In 2019, the Organized Crime and Corruption Reporting Project (OCCRP) published a series of investigations about Troika Dialog, the private investment bank Ruben Vardanyan co-founded in 1991 and controlled until 2011. Journalists traced $4.5 billion in hidden transfers to Russia’s most influential people, including Russian cellist and businessman Sergey Roldugin, a close friend of Vladimir Putin.
Against this backdrop, it’s difficult not to wonder if Vardanyan’s decision to renounce his Russian citizenship was at least partially spurred by the threat of Western sanctions. But the ex-banker says he would have chosen a much easier route if that were his true motivation.
“As I already told The Financial Times, if I were trying to evade sanctions, I would have gone to Uruguay, which has good weather, good meat, fruit, a great attitude towards Armenians, and a wonderful climate. I’d live peacefully on a farm. It would be very odd to flee sanctions to a place where you can be killed just for being Armenian,” he told Meduza.
Vardanyan also argued that OCCRP’s investigation unfairly applies modern standards to policies that were commonplace in an earlier era of banking. The report, he says, put undue focus on Vardanyan himself as the leader of an organization that had thousands of employees:
The state minister also noted that his vocal support for Nagorno-Karabakh’s Armenians long predates the full-scale war in Ukraine, citing his video address to Putin during the 2020 conflict. The reason he decided to enter politics and move to the region in 2022 was that it seemed the most effective way for him to help, he told Meduza. And after deciding to devote himself to the Artsakh cause full-time, he said, it made sense to renounce his Russian citizenship.
“There were some formal requirements [about citizenship], but those weren’t my main reasons. I had two [main] reasons. [The first was that] I didn’t consider it right to [speak out politically on behalf of Artsakh] and put Russia in a difficult position. [I didn’t want] to do it as a foreigner who had moved to Artsakh. Secondly, people in Artsakh should be able to trust that I’ll be with them to the end,” he said.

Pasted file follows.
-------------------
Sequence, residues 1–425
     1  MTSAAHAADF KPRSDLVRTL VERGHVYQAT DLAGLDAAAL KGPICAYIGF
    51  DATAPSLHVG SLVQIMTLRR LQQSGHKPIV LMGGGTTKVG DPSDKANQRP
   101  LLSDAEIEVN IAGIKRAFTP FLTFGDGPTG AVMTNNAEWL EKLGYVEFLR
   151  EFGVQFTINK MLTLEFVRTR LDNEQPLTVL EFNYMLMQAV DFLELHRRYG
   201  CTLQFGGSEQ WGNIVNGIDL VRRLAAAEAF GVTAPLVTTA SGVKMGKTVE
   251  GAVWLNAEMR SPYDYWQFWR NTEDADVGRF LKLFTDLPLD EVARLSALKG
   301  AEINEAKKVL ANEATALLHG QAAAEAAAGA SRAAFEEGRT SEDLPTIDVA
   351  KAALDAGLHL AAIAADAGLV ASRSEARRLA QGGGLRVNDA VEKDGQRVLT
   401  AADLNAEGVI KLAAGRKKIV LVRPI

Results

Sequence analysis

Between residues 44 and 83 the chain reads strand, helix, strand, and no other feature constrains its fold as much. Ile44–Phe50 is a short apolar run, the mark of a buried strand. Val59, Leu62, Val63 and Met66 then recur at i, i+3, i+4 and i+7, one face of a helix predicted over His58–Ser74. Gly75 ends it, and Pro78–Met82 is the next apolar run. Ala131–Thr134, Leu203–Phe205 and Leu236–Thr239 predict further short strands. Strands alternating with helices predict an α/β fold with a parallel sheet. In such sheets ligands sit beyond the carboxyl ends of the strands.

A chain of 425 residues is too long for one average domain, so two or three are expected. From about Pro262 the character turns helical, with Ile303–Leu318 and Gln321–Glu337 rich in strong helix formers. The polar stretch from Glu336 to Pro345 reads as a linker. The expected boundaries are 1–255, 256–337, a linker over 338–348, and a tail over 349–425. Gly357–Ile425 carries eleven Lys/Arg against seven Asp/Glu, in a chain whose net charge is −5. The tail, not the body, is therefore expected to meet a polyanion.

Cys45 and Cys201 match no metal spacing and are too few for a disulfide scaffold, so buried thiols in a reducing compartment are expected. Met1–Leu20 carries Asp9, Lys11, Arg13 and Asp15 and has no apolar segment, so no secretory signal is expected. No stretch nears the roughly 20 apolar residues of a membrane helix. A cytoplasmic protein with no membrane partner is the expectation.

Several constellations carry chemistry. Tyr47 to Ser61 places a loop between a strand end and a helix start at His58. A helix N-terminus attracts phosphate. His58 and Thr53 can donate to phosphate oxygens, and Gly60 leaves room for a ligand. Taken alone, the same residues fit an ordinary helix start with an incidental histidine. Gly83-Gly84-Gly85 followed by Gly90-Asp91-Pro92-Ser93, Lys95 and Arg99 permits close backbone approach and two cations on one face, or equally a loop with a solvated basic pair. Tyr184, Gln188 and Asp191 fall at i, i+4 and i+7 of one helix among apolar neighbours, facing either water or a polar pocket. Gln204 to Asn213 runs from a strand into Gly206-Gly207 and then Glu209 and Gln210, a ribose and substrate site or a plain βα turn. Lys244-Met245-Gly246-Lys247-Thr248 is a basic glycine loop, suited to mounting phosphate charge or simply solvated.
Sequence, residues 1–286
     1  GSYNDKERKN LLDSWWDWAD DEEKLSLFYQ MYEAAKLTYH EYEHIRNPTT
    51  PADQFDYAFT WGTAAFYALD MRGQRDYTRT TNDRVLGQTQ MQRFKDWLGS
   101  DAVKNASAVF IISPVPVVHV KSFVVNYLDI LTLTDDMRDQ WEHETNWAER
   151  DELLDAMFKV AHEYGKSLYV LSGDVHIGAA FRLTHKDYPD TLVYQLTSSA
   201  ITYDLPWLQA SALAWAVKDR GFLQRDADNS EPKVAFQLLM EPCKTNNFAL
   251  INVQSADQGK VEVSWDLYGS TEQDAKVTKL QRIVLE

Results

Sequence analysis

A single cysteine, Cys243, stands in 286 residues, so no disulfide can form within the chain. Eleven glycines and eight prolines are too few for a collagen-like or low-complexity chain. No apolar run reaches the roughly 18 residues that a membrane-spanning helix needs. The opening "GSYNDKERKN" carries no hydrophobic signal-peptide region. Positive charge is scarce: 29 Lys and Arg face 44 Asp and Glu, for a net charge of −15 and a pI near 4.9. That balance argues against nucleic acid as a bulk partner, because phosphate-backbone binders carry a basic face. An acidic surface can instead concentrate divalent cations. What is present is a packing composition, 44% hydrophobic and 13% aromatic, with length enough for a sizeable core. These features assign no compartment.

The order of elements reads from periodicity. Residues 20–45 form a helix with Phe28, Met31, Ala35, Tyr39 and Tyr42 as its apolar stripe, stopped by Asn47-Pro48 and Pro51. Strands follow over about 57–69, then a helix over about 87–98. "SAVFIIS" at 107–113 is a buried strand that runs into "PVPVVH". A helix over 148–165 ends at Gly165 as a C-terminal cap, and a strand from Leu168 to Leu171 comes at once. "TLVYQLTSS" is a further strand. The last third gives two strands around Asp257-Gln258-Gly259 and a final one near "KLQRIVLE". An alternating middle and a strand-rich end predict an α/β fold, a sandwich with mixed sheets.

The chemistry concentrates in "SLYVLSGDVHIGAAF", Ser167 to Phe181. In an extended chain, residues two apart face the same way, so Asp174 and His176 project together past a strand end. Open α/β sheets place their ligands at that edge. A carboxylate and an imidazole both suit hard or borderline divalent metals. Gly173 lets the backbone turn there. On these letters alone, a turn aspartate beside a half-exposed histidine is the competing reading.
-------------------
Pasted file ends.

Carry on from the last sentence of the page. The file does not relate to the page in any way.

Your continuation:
‘A lot of questions’
Though many of the Nagorno-Karabakh residents who spoke to Meduza in late January were growing skeptical of Moscow’s ability to provide security to the republic while so many of its resources are going to the war in Ukraine, the breakaway state is still reliant on Russian peacekeepers. So, it’s little wonder that Vardanyan was unwilling to speculate on his former country’s economic future, and he essentially told Meduza as much:
Regarding Russia’s war against Ukraine, Vardanyan said that he’s “categorically opposed to all wars,” and called on “all decent people” to “make basic humanitarian values the basis of our lives again.”
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As for the future of the Nagorno-Karabakh conflict, Vardanyan is doubtful that Aliyev will be willing to launch another war against the civilians currently living in the region. Instead, he said, he believes Baku is betting that he’ll succeed in forcing Armenians to leave the territory. “You know, the difference between our model of the world and Aliyev’s model of the world is very simple: We say that ‘we [Armenians and Azerbaijanis in Nagorny Karabakh] live next to one another, but not together,’ while they hold that ‘peace is Artsakh without Armenians.’”
To ensure that doesn’t happen, and that Armenians can remain in the region, Vardanyan said he believes two steps are necessary: the establishment of an internationally recognized air corridor and sanctions against Azerbaijan’s leaders.
“I wish not just Russia but also England and France were speaking out forcefully. Why is Aliyev still being invited [to the World Economic Forum in] Davos, for example? He’s subjected 120,000 people to a blockade, and they’re shaking his hand in Davos. In that sense, I have a lot of questions — a lot of questions for a lot of countries,” he said.